Best educational apps special education

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ExitTicket is an interactive, real-time, “exit ticket” style classroom question and feedback system designed to accelerate student and teacher performance. No more paper exit slips to sort and categorize. Instead, Exit Ticket runs on all smartphones and tablets, enabling students and teachers to get real time feedback on their thinking at any time during the class. Teachers efficiently pull from a library of questions or create their own on-the-fly “Quickets!” to enhance learning and differentiation in their lessons. Students engage with and track their own learning in cutting-edge fashion, taking ownership of and buying into their education like never before. Whether checking for understanding, quizzing or polling, ExitTicket enables both student and teacher to target their efforts to maximize the classroom learning experience.

ExitTicket designed in the classroom by teachers
Students using ExitTicket for the first time.
Since the beginning of August 2011, ExitTicket has gone from barely a concept prototype to a fully functioning application, supporting 5 teachers, 16 classes of 30 students each, and generating over 15,000 assessment artifacts every week. How? By embedding the designers and developers directly in the classroom.

Mr. Garland’s Algebra 1 Class using the first version of the Projector
Leadership Public Schools (LPS) has always had a strong research and development focus towards EdTech innovation. With ExitTicket, we wanted to create a next generation application that’s been designed by teachers for students, with students giving their immediate feedback of whether it improved their performance. “Many EdTech products are designed by non-teachers under perfect conditions within corporate labs,” says Dr. Waters, Superintendent and CEO of Leadership Public Schools. “This usually leads to products and applications which aren’t as effective as they need to be, or are difficult for teachers to use. That’s why we embedded our design team right inside the classroom for 3 months, every day, all day until they fully understood what it takes to manage a classroom full of teenagers.”

Donated iPods and equipment for the first ExitTicket classroom deployment
Over the course of 3 months, several teachers and the LPS Innovation team met and designed ExitTicket from the ground up. Then in late August ExitTicket was embedded in Mr Garland’s Algebra 1 Class. It was an immediate hit with the students. “I’ve never seen this level of intensity and engagement before,” says Mr. Garland. “When the iPods roll out, there’s an immediate focus and attention to getting that question right.”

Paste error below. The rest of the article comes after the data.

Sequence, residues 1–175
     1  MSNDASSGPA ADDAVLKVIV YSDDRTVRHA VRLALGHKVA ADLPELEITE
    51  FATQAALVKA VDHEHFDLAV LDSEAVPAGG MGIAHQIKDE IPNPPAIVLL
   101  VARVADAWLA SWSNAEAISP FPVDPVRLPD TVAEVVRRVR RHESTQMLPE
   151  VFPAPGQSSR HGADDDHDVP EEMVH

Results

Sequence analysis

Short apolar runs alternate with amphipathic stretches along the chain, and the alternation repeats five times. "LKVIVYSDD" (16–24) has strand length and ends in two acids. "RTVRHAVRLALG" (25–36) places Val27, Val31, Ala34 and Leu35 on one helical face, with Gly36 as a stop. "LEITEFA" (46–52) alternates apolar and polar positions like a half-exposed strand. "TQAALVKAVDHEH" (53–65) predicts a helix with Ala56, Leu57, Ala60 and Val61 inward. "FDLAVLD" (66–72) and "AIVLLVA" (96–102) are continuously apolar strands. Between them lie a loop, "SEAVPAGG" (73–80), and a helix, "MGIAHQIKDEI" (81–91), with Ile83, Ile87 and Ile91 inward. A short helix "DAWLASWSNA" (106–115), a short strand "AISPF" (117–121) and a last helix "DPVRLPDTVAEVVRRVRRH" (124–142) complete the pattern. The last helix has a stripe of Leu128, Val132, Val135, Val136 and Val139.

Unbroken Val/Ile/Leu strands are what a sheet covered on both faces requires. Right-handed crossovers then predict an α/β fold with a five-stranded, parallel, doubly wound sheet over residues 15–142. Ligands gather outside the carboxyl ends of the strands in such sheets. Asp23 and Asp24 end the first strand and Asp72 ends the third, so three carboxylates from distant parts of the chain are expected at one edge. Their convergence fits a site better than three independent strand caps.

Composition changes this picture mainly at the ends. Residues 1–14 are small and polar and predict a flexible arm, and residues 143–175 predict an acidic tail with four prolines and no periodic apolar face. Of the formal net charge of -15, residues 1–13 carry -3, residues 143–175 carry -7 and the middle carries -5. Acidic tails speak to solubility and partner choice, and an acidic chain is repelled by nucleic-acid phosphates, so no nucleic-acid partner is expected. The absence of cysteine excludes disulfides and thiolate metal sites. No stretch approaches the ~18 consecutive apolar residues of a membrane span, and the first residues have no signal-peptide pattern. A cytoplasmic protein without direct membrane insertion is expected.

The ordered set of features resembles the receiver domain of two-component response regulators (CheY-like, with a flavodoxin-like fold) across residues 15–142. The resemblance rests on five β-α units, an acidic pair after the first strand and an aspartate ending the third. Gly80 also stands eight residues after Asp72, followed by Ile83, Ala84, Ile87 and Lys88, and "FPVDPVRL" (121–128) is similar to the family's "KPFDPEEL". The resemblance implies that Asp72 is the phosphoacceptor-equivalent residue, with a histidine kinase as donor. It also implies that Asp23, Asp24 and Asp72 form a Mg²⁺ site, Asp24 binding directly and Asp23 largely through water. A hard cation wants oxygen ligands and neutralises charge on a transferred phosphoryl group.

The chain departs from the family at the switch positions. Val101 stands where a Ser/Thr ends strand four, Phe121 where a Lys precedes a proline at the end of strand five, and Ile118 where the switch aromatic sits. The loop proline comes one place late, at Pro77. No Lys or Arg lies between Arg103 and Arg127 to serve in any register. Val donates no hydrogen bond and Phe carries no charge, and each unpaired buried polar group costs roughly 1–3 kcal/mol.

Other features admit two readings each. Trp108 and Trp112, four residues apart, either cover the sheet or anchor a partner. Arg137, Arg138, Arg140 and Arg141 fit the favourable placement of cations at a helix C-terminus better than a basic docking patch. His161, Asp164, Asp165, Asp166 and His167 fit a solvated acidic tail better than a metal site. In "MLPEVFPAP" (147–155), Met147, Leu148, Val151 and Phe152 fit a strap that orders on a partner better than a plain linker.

Once the basic student module and question engine were stabilized, the rest of the components to the system were brought online, including the teacher desktop module, the iPad version that tracks the students’ performance in detail, and the projector module, which shows an overall class average score, a bar chart to show right/wrong ratios for questions, a heatmap of each student’s answers, and a “Superstar board” showing the top performing students. In addition, a “Biggest Movers” board was also implemented to show the biggest growth gainers from last week.

“That’s extremely compelling for students,” says Mr. Garland, “as the lower performing students who never got a chance to be on the superstar board are suddenly able to get on the board based just by performing better than last week. This levels the playing field and makes it much more intense. Everyone now has a chance to have their name up there.”

Ms Thomas using ExitTicket in a PC lab
The next rollout was in Ms. Thomas’s Academic Numeracy class in Richmond. The classroom was already outfitted with a PC for each student, so it was a perfect testing environment to see how ExitTicket would perform on other platforms besides just mobile. We found that it was much more stable and robust than we anticipated, and because each of the PC’s were wired instead of using WIFI, we had much less issues than with the mobile and WIFI environments with iPods.

A week later, ExitTicket was launched in the LPS-Hayward campus in three classes, Algebra 1, Academic Numeracy and Geometry 1. One classroom received a set of 30 iPod Touches and the second classroom used the installed base of a PC lab. After some basic network troubleshooting, ExitTicket performed well under the increased load of additional teachers and students.

iPod Touch rollout in Ms. Zapata’s Algebra 1 classroom